First of all, the quote clearly comes from a person with a systems-thinker mentality. That is, from someone who sees the world primarily as a system, a community in which nobody is an island and we are all dependent on each other to survive and thrive. From this viewpoint, it is certainly correct to say that “nobody got rich on his own.” People get rich (at least in a market economy) by providing goods or services that other people are willing to pay for. And yes, they need employees, and infrastructure, and a stable government and economy in order to bring their goods and services to market. And yes, the employees, infrastructure, government, economy, and customers are all part of a system that makes it possible for people with good ideas to create wealth, for themselves, for their employees, and for the economy at large. There is no doubt that nobody gets rich without a large community to create and support such wealth.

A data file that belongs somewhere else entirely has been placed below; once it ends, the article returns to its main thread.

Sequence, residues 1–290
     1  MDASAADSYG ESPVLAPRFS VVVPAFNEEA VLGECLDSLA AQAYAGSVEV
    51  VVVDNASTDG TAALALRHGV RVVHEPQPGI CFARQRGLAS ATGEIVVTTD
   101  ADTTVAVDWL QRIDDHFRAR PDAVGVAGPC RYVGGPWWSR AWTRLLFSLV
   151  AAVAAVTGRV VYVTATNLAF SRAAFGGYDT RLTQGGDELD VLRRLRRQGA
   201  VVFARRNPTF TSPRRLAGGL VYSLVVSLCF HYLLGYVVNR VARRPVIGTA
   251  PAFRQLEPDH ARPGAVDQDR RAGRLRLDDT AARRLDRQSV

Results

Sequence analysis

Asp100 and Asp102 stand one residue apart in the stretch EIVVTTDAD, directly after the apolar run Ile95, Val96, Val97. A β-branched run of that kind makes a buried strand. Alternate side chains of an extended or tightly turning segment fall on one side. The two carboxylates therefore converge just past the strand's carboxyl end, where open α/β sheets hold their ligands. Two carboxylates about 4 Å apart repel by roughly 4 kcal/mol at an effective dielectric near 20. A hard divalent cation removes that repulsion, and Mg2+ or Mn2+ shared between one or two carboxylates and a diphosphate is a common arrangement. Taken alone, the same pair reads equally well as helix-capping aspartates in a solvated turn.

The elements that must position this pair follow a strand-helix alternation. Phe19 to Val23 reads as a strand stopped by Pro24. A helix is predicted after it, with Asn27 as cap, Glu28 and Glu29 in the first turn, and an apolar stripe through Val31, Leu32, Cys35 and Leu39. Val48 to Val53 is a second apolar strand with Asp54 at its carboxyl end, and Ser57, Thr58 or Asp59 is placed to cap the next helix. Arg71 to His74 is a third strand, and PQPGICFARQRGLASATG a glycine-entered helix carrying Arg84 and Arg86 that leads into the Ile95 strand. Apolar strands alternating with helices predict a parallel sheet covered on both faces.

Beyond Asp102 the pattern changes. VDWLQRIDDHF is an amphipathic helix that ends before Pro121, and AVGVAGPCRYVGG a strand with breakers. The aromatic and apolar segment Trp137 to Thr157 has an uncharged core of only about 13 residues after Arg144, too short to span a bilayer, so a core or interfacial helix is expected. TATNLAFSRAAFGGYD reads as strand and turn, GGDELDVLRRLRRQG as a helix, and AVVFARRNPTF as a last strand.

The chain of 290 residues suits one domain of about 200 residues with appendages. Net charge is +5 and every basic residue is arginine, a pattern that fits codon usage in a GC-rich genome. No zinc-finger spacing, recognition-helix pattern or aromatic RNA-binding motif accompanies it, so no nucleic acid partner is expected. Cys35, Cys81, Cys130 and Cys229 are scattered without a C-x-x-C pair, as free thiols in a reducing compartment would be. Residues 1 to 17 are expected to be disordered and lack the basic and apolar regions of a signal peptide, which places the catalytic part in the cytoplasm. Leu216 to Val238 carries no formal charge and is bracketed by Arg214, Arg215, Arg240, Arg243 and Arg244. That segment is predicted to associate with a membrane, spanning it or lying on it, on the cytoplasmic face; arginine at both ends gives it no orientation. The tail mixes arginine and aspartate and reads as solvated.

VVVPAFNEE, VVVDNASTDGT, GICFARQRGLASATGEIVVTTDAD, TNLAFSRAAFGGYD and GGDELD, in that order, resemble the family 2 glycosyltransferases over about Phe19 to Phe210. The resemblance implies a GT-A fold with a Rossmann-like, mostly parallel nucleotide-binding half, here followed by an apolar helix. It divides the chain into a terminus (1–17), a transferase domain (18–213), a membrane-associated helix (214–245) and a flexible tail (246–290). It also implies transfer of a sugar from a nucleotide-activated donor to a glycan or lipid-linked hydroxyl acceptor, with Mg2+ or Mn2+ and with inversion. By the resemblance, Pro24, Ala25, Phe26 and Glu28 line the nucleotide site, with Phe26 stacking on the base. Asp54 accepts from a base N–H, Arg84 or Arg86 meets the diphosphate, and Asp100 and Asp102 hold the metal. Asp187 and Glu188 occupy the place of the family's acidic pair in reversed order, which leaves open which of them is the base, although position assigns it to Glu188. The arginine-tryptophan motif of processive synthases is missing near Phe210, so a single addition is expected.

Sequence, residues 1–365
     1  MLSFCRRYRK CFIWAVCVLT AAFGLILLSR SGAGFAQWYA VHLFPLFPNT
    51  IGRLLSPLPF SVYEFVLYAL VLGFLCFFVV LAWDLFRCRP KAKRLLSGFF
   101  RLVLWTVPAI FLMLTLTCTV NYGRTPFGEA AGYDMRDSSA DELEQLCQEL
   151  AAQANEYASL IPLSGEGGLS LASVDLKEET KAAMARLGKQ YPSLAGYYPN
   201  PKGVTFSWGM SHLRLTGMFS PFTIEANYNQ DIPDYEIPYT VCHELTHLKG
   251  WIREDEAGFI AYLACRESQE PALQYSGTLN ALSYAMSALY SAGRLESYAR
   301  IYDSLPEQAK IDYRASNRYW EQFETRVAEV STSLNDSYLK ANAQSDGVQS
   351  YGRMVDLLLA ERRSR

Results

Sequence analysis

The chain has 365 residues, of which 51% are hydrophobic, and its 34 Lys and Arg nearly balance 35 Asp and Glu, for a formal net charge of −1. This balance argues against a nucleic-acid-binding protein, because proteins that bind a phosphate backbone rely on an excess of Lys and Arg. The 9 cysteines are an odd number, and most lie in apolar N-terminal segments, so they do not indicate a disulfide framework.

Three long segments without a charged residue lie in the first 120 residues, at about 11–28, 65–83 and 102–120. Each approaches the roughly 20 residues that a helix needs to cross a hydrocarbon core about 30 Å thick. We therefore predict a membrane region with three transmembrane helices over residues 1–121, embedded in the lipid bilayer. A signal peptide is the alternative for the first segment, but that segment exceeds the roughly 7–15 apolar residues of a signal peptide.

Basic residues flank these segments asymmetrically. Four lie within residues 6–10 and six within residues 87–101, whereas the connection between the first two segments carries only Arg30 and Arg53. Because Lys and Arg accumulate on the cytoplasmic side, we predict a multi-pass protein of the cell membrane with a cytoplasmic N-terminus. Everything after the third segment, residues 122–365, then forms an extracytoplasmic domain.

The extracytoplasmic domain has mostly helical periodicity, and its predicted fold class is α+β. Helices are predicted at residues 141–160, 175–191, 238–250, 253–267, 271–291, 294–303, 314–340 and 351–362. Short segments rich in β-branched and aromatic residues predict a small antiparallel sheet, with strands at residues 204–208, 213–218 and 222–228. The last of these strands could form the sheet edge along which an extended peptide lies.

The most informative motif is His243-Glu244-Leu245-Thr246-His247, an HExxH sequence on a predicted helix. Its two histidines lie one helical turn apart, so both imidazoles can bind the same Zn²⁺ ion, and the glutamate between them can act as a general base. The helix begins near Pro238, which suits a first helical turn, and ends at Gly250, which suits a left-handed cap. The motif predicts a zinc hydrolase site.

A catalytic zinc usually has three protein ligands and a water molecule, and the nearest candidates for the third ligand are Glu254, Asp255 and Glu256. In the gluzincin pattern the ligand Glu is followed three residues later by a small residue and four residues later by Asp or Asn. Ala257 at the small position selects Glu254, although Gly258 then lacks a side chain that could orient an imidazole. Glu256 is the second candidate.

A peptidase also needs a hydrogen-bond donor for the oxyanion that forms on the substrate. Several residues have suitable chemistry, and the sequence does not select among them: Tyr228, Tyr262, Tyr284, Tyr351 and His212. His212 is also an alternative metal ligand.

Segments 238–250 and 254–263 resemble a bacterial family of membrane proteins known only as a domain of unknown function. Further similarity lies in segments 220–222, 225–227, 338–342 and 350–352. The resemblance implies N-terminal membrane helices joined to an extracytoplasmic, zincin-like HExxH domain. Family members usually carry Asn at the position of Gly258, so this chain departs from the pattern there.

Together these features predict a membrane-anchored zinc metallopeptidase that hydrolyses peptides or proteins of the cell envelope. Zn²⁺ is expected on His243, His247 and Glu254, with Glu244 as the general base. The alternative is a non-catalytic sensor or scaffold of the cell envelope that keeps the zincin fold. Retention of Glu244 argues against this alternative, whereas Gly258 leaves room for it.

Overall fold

There is nothing wrong with a systemic view of the world. It’s certainly a more developed point of view than “me first” or even “me and my people first.” People who see the world as one big organism of which we are all a part, whether that organism be political, economical, cultural, environmental, spiritual, or something else, tend to be peace-loving, tolerant, earnest souls who are idealistically committed to making the world a better place. Carl Sagan’s quote that “before you can make an apple pie, you must first invent the Universe” is a good example of systems thinking. So is John Muir’s quote that “When one tugs at a single thing in nature, he finds it attached to the rest of the world.” Sagan is talking about the mind-boggling chain of causality which brings us all to the present moment (and which, if one is properly pondering it, should create a sense of awe at the wondrous nature of consciousness). Muir is talking about understanding that all of our actions have consequences, in an effort to promote conscientious stewardship of the planet. Both are eloquent, sophisticated examples of systems thinking.